October 25, 2004

Today we made the short drive to Morelia and visited the capital of Michoacan. Named after the revolutionary war hero, Jose Maria Morelos y Pavon, Morelia is a beautifully preserved colonial city with a university and an active cultural scene.

Morelia was one of the first Spanish cities built in Nueva Espana, officially founded in 1541. The buildings are beautiful and impressive and even today ordinances require new buildings to be built in the colonial style.

We wandered around town and visited the Palacio Clavijero that now houses the public offices and has wonderful murals. The building originally served as a Jesuit school but after the Jesuits were expelled from Mexico, it served as a prison and a warehouse.

Another outstanding feature in Morelia is the aqueduct that was built between 1785 and 1788. With 253 arches stretching 2km (1.25 mi) it is an impressive sight. At the beginning of the aqueduct is a statue called the Fuente Las Tarascas. It is a lovely fountain with maidens holding aloft baskets of fruit. There is a mystery surrounding it in that in 1940 the original fountain disappeared and what is there now is a replica. A tourist official told us that a high-ranking politician took the original fountain. Hmmm.

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Leaving Morelia late in the afternoon, we found a camping spot in an old cornfield outside a small town and spent the evening watching locals herd their cows and goats home for the evening. We also saw a number of interesting birds including a Broad-billed Hummingbird and a Vermillion Flycatcher.

October 26, 2004

A short drive brought us to the outskirts of Guanajuato. Actually we’re not really sure how far the drive was. The signs along the road kept changing the mileage. Sometimes the closer we got, the further away the signs said we were. It was good for a laugh.

Guanajuato is a mining town built in 1559. It is built in a steep ravine with narrow winding streets and tunnels built underground to access various parts of the city. The outer streets were safe to drive the expedition vehicle on, and we did successfully traverse two tunnels, but we had to be very careful to not accidentally get ourselves in a position where we wouldn’t fit. As we were following directions given in a guidebook to a campground, we were flagged down by a fellow on the street who was adamant that we wouldn’t fit through the upcoming tunnel. We decided to heed his advice and follow his directions. We viewed the offending tunnel later and decided that it would have been a tight squeeze at 3.7 meters and we are 3.66 high.

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We spent the afternoon wandering the maze of streets in this amazing town. The narrow walkways and stairs and colorful paintjobs make this a fun city to walk in. A walking tour of the main plazas is a great introduction to the city. Different from other cities, Guanajuato has many small squares instead of the main large one. These make for lovely areas to watch the cities goings on.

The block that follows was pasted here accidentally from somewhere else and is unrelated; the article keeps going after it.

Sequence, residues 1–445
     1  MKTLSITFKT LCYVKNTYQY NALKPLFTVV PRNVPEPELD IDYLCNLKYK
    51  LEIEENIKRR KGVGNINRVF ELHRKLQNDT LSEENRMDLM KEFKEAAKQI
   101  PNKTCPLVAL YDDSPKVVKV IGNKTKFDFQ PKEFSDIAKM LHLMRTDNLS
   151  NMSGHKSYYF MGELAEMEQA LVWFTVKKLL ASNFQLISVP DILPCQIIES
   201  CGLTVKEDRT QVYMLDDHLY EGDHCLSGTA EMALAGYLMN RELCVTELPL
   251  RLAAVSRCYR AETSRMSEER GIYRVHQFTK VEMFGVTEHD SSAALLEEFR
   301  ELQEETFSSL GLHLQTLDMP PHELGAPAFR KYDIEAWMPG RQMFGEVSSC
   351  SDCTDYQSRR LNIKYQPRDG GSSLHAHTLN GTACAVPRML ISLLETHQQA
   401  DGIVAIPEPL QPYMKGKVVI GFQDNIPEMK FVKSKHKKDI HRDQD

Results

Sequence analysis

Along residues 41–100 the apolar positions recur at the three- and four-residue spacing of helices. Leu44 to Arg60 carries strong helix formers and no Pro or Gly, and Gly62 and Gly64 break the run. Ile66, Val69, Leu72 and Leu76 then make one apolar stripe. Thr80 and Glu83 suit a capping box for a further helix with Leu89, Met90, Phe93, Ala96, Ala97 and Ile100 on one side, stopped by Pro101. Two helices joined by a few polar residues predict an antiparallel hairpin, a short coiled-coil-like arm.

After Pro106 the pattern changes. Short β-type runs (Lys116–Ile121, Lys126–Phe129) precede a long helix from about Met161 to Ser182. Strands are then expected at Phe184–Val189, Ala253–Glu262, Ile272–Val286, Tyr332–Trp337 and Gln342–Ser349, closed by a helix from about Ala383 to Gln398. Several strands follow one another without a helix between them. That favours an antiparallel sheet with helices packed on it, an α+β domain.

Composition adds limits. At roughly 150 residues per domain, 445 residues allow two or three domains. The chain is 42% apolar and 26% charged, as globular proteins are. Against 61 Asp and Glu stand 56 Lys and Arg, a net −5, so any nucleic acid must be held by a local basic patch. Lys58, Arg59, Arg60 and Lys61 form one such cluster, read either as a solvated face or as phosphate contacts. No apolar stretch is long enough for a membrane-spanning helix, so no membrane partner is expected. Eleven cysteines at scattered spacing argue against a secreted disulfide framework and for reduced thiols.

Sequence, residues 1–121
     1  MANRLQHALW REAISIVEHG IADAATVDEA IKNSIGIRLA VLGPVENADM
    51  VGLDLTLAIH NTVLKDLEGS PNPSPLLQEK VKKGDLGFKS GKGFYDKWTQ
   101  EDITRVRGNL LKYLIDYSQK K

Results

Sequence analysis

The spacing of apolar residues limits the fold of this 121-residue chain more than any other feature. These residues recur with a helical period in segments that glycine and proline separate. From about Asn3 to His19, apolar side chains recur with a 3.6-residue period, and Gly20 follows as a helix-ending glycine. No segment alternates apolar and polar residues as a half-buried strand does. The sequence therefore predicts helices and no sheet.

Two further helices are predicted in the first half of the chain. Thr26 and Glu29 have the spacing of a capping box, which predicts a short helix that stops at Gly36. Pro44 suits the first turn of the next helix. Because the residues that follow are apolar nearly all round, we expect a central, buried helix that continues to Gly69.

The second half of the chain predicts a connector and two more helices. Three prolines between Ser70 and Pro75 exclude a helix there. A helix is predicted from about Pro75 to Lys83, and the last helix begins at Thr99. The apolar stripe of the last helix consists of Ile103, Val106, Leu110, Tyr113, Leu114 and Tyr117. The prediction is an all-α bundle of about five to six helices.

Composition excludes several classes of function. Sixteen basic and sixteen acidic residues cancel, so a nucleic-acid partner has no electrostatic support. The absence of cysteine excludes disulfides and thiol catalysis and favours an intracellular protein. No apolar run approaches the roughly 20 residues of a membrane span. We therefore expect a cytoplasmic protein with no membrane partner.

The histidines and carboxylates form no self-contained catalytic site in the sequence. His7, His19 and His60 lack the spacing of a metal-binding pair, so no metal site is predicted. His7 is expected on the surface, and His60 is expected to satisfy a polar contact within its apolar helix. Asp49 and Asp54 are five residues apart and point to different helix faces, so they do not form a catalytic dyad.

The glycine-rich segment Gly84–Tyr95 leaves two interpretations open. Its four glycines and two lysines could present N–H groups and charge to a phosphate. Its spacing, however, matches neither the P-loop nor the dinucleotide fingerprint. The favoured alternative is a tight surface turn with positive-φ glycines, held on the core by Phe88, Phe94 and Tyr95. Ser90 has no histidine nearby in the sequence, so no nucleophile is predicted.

In addition we visited the Teatro Juarez which is a lavishly decorated building inaugurated by Porfirio Diaz, the Basilica de Nuestra Senora de Guanajuato which houses a jewel-encrusted image of the Virgin, patron of Guanajuato and the Alhondiga de Granaditas, now a museum, but originally a grain and seed storehouse built around 1800. In 1810 it became a fortress for Spanish troops who barricaded themselves inside when 20,000 troops led by Miguel Hidalgo attempted to take Guanajuato.

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The Alhondiga

On Sept. 28, 1810 a young miner nicknamed El Pipila set the great doors ablaze and allowed Hidalgo to storm the warehouse. 

A huge monument to El Pipila, burning torch held aloft, stands above the city. The view from there is magnificent. Lastly we visited the Callejon del Beso, the narrowest of the many narrow alleyways where the balconies of the houses on either side practically touch. Legend has it that the daughter of a wealthy miner was forbidden to see her common boyfriend, so he rented the room across from their home so they could steal kisses across the balconies. We’ve even put together another slide show for you to experience Guanajuato too.

October 27, 2004

This morning we hiked down the hill from the campground to the Mina de Cata. We were unable to wrangle a tour but we did visit the small town and church next to it. While we were visiting the church we were witness to two women showing their faith and devotion by walking on their knees from the back of the church to the altar.

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Catching the bus into the center of town, we decided to visit the Museo de las Momias. This museum of mummies is a bizarre spectacle of death. Apparently the combination of the mineral content of the ground and the local atmospheric conditions stopped bodies from decaying after they were buried. It actually caused these bodies to be preserved as mummies.

Now this fact was only uncovered (ha ha) when the town officials decided to dig up bodies at the town cemetery. See when people die here, they are only allowed to rent their burial plots. Family members must continue to pay "rent" forever. When the cemetery filled up, the officials thought that the best way to keep things going was to dig up the old bodies so they could rent out the spot to someone else. Then they found the mummies.

So what do you do with hundreds of mummies, you build a museum to display them and charge people – like us – to ghoulishly view them. And yes, photography is permitted, and yes we did take photos. So when you view them, be prepared!


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